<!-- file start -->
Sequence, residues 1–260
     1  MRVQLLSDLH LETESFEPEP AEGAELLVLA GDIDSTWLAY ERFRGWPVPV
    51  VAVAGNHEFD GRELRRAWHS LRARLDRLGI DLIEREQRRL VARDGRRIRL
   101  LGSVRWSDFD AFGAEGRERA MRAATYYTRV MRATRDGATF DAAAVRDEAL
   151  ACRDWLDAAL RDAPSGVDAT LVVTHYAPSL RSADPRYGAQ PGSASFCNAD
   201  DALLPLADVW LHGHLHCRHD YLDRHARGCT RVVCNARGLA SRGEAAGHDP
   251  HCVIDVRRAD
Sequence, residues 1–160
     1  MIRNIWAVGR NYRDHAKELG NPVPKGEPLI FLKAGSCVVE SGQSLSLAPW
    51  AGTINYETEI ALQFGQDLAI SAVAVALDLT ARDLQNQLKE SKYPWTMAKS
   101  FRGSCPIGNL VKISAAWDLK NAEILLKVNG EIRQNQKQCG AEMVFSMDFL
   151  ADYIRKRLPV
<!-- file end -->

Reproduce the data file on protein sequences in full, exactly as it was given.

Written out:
Sequence, residues 1–260
     1  MRVQLLSDLH LETESFEPEP AEGAELLVLA GDIDSTWLAY ERFRGWPVPV
    51  VAVAGNHEFD GRELRRAWHS LRARLDRLGI DLIEREQRRL VARDGRRIRL
   101  LGSVRWSDFD AFGAEGRERA MRAATYYTRV MRATRDGATF DAAAVRDEAL
   151  ACRDWLDAAL RDAPSGVDAT LVVTHYAPSL RSADPRYGAQ PGSASFCNAD
   201  DALLPLADVW LHGHLHCRHD YLDRHARGCT RVVCNARGLA SRGEAAGHDP
   251  HCVIDVRRAD
Sequence, residues 1–160
     1  MIRNIWAVGR NYRDHAKELG NPVPKGEPLI FLKAGSCVVE SGQSLSLAPW
    51  AGTINYETEI ALQFGQDLAI SAVAVALDLT ARDLQNQLKE SKYPWTMAKS
   101  FRGSCPIGNL VKISAAWDLK NAEILLKVNG EIRQNQKQCG AEMVFSMDFL
   151  ADYIRKRLPV